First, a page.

SEEMP Project History

In 1995, CRL received several suggestions regarding the need to coordinate and facilitate the creation of a microform project for Slavic and East European area studies. All of the existing microform projects had formed under the library arm of the respective scholarly associations, and only later sought out CRL to meet storage and administrative needs. SEEMP marked the first time that CRL staff had been present at the creation of this type of project.

A Steering Committee was formed in June 1995 with representatives from several groups already active in cooperative endeavors in this area: June Pachuta Farris (University of Chicago) representing CIC Slavic bibliographers; Michael Biggins (University of Washington) representing several Pacific Coast research libraries; Robert Davis (New York Public Library) representing the East Coast Consortium; and Jared Ingersoll-Casey (Ohio State University) representing ALA’s Slavic Preservation Discussion Group. Marlys Rudeen was CRL’s liaison to the group. The committee served as a forum for discussion on the need for preservation activities in Slavic and East European Studies and how these needs might be met by the formation of a microform project. Would such a cooperative project be advantageous? What should its focus be? Which institutions, if any, are willing to commit to such a project? What kind of structure would work best?

Similar discussions had taken place several years earlier, Gay Dannelly from Ohio State University had drafted a set of possible bylaws. The Steering Committee began by examining them, and also by looking at the bylaws governing several existing microform projects. All the committee members were from institutions that belonged to one or more of the existing projects, so they were already familiar with the basic concepts and operations.

The draft bylaws were broken down into sections to make them a bit more manageable, and circulated by e-mail to the Steering Committee. Comments came back to the CRL liaison, who in turn posted them to other committee members, adding her own observations on how some of the other projects had structured their governance or dealt with issues. In this manner, the bylaws were examined and revised over the summer before being posted more widely to the Slavic listserv in October.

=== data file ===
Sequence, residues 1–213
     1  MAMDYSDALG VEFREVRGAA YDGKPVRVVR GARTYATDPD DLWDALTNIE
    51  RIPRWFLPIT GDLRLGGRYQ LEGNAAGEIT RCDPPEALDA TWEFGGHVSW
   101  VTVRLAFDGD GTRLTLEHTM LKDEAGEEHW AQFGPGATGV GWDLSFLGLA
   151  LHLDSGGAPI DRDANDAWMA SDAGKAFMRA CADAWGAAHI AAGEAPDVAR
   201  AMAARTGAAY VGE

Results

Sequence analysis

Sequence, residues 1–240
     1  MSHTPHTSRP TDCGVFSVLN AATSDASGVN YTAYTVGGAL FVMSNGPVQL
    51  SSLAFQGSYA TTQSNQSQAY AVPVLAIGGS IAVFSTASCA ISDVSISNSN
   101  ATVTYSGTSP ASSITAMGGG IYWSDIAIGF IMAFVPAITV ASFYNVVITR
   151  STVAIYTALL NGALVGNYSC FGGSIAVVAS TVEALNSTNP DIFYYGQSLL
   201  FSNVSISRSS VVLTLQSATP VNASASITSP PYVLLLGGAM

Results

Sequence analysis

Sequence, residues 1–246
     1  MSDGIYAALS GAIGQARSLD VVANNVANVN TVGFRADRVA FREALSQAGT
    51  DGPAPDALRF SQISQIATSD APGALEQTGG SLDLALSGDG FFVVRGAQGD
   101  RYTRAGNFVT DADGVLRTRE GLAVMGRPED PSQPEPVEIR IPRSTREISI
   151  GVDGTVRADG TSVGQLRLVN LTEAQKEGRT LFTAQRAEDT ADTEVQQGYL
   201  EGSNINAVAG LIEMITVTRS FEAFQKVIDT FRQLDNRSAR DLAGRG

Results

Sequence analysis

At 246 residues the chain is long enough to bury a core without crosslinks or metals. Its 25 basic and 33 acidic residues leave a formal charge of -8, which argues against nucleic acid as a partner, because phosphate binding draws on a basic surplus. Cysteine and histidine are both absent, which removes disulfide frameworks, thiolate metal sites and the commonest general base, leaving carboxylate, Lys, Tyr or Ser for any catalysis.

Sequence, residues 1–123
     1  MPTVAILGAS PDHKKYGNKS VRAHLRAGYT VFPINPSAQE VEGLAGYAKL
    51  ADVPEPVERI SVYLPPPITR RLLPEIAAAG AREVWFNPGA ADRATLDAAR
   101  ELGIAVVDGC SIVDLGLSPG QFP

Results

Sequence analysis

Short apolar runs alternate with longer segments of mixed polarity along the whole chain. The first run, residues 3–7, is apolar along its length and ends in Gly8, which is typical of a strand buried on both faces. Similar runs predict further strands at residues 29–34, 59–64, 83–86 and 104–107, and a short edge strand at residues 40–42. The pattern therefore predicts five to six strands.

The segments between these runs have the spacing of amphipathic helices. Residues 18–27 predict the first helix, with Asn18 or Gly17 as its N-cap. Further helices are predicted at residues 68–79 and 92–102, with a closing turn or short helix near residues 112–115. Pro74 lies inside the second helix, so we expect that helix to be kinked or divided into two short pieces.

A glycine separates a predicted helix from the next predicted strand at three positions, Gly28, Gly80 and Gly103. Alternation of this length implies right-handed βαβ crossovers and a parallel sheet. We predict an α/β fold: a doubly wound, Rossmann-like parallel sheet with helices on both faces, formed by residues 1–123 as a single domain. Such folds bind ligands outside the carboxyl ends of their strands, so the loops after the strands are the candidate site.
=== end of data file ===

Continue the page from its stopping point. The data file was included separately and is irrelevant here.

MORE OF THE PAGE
As discussions progressed, agreement on basic purposes and structures emerged. The general mission statement is as follows: “The purpose of The Slavic and East European Microform Project (SEEMP) is to acquire microform copies of unique, scarce, rare, and/or unusually bulky and expensive research material pertaining to the field of Slavic and East European studies; and to preserve deteriorating printed and manuscript materials of scholarly value. Geographically its areas of interest include the countries of Eastern and Central Europe, the Baltic States, Mongolia, and the countries that were formerly part of the Soviet Union.”

The structure will be the same as the existing projects, organized on the principle of institutional membership with a committee of the whole and an executive committee to carry out project business between annual meetings.

Membership fees will be $600 per year, entitling member institutions to: vote on all questions before the committee; borrow all project materials; purchase positive copies of SEEMP-funded negative microforms at member prices; and propose suitable titles for original filming or purchase from commercial sources.

The Steering Committee issued a formal invitation to membership in January 1996, asking institutions for a commitment to join by April 1, 1996. Invoices went out at the beginning of the CRL fiscal year, July 1. Once institutional commitments were received, the bylaws were adopted by a mail ballot. The Steering Committee then solicited nominations for the Executive Committee and elections were held in fall 1996.

The first meeting of SEEMP took place at the 1996 annual conference of the American Association for the Advancement of Slavic Studies in Boston on Nov. 17, 1996. The minutes for this meeting can be found under Recent Meetings.

CRL staff has been impressed and encouraged by the work of the Area Study Microform Projects over the years. They have gathered and preserved an amazing amount of valuable and rare material, making it available to scholars for generations to come. The staff looks forward to working with Slavic and East European bibliographers as they begin this new cooperative effort.

Featured: Ilustrowany Kuryer Codzienny

Ilustrowany Kuryer Codzienny was the most popular daily newspaper in Poland in the 1920s and ’30s. Issues from 1910 to 1939 are now available on microfilm through SEEMP, resulting in an invaluable resource for news on politics, fashion, sports, and culture in interwar Poland.